He says, "I find watching algorithms endlessly fascinating, even mesmerizing. Particularly so when randomness is involved. ... Being able to see what your code is doing can boost productivity. Visualization does not supplant the need for tests, but tests are useful primarily for detecting failure and not explaining it. Visualization can also discover unexpected behavior in your implementation, even when the output looks correct. ...Even if you just want to learn for yourself, visualization can be a great way to gain deep understanding. Teaching is one of the most effective ways of learning, and implementing a visualization is like teaching yourself."

    50 comments | about a month ago

  • Building the Infinite Digital Universe of No Man's Sky

    An anonymous reader writes: Hello Games is a small development studio, only employing 10 people. But they're building a game, No Man's Sky, that's enormous — effectively infinite. Its universe is procedurally generated, from the star systems down to individual species of plant and animal life. The engine running the game is impressively optimized. A planet's characteristics are not computed ahead of time — terrain and lifeforms are randomly generated on the fly as a player explores it. But, of course, that created a problem for the developers — how do they know their procedural generation algorithms don't create ridiculous life forms or geological formations? They solved that by writing AI bot software that explores the universe and captures brief videos, which are then converted to GIF format and posted on a feed the developers can review. The article goes into a bit more detail on how the procedural generation works, and how such a small studio can build such a big game.

    100 comments | about 1 month ago

  • Why Software Builds Fail

    itwbennett writes: A group of researchers from Google, the Hong Kong University of Science and Technology and the University of Nebraska undertook a study of over 26 million builds by 18,000 Google engineers from November 2012 through July 2013 to better understand what causes software builds to fail and, by extension, to improve developer productivity. And, while Google isn't representative of every developer everywhere, there are a few findings that stand out: Build frequency and developer (in)experience don't affect failure rates, most build errors are dependency-related, and C++ generates more build errors than Java (but they're easier to fix).

    279 comments | about a month ago

  • Google I/O 2014 Begins [updated]

    Google I/O, the company's annual developer tracking^wdevelopers conference, has opened today in San Francisco. This year the company has reduced the number of conference sessions to 80, but also promised a broader approach than in previous years -- in other words, there may be a shift in focus a bit from Google's best known platforms (Chrome/Chrome OS and Android). Given its wide-ranging acquisitions and projects (like the recent purchase of Nest, which itself promptly bought Dropcam, the ever smarter fleet of self-driving cars, the growing number of Glass devices in the wild, and the announcement of a 3D scanning high end tablet quite unlike the Nexus line of tablets and phones), there's no shortage of edges to focus on. Judging from the booths set up in advance of the opening (like one with a sign announcing "The Physical Web," expect some of the stuff that gets lumped into "the Internet of Things." Watch this space -- updates will appear below -- for notes from the opening keynote, or follow along yourself with the live stream, and add your own commentary in the comments. In the days to come, watch for some video highlights of projects on display at I/O, too. Update: 06/25 17:41 GMT by T : Updates rolling in below on Android, wearables, Android in cars, Chromecast, smart watches, etc.Keep checking back! (Every few minutes, I get another chunk in there.)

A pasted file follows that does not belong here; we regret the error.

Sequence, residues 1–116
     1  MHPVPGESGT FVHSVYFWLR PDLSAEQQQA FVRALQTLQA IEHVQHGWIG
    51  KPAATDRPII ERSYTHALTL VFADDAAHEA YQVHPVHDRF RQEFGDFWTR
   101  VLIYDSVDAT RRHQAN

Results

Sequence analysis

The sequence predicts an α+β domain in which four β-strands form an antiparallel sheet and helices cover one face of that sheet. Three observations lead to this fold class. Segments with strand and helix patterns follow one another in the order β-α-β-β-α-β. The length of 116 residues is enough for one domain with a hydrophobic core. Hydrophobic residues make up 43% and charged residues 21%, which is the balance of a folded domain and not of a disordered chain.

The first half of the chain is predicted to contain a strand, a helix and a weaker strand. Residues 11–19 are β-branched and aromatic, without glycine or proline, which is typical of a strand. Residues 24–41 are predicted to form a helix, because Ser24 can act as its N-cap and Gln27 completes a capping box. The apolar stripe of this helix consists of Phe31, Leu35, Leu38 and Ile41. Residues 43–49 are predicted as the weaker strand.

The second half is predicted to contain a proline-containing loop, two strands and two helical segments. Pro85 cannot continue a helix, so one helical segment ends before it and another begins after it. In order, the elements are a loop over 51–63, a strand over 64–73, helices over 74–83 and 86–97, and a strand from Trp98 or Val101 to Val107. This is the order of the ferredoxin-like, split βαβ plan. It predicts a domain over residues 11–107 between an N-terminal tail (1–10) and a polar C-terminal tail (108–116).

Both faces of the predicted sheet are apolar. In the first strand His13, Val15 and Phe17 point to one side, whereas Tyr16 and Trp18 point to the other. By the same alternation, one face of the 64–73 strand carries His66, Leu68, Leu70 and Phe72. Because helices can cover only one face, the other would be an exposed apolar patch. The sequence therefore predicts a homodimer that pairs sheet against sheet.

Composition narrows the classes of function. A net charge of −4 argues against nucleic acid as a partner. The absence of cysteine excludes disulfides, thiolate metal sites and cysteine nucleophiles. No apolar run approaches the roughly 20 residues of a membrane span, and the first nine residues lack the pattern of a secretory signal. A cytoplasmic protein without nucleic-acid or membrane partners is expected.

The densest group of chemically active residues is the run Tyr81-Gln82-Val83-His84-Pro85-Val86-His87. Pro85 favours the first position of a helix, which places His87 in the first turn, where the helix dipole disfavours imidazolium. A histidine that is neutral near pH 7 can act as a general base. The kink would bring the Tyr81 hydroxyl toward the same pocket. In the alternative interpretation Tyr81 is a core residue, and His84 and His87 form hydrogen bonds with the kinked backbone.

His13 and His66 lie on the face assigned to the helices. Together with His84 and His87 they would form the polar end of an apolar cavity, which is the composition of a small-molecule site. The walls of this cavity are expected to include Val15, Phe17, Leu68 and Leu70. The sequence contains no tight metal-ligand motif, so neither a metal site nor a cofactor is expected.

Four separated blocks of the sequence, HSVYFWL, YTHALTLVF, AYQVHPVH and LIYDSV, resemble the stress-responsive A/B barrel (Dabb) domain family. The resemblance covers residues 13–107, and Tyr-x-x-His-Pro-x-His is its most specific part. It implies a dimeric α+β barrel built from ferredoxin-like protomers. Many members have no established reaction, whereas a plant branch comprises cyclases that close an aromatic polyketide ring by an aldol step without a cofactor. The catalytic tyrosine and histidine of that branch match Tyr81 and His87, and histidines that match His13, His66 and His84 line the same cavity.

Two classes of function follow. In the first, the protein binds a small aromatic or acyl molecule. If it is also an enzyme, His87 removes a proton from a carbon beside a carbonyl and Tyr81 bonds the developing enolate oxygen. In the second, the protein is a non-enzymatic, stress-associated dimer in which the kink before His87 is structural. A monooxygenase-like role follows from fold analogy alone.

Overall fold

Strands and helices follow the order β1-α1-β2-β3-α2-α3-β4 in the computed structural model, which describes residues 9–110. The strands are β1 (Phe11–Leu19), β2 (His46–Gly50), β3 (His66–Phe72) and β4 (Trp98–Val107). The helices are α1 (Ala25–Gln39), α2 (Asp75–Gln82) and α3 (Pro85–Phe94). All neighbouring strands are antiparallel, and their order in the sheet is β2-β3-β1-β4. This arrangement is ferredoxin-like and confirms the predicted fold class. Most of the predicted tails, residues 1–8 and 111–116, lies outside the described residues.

49 comments | about a month ago

  • Nest Announces New Smart Home API

    mpicpp writes "Today, in advance of Google I/O, Nest has officially announced a new developer program and API that will allow other companies' smart devices to communicate with Nest's Protect smoke alarm and Learning Thermostat. Among the companies that Nest is partnering with for this initial publicity push are IFTTT, Jawbone, LIFX, Logitech, Mercedes-Benz, Whirlpool, Chamberlain, and Google itself—the latter two companies will release Nest-compatible features this fall, while the others are all available today.

    38 comments | about a month ago

Slashdot Account

Need an Account?

Forgot your password?

Don't worry, we never post anything without your permission.

Submission Text Formatting Tips

We support a small subset of HTML, namely these tags:

  • b
  • i
  • p
  • br
  • a
  • ol
  • ul
  • li
  • dl
  • dt
  • dd
  • em
  • strong
  • tt
  • blockquote
  • div
  • quote
  • ecode

"ecode" can be used for code snippets, for example:

<ecode>    while(1) { do_something(); } </ecode>
Create a Slashdot Account

Loading...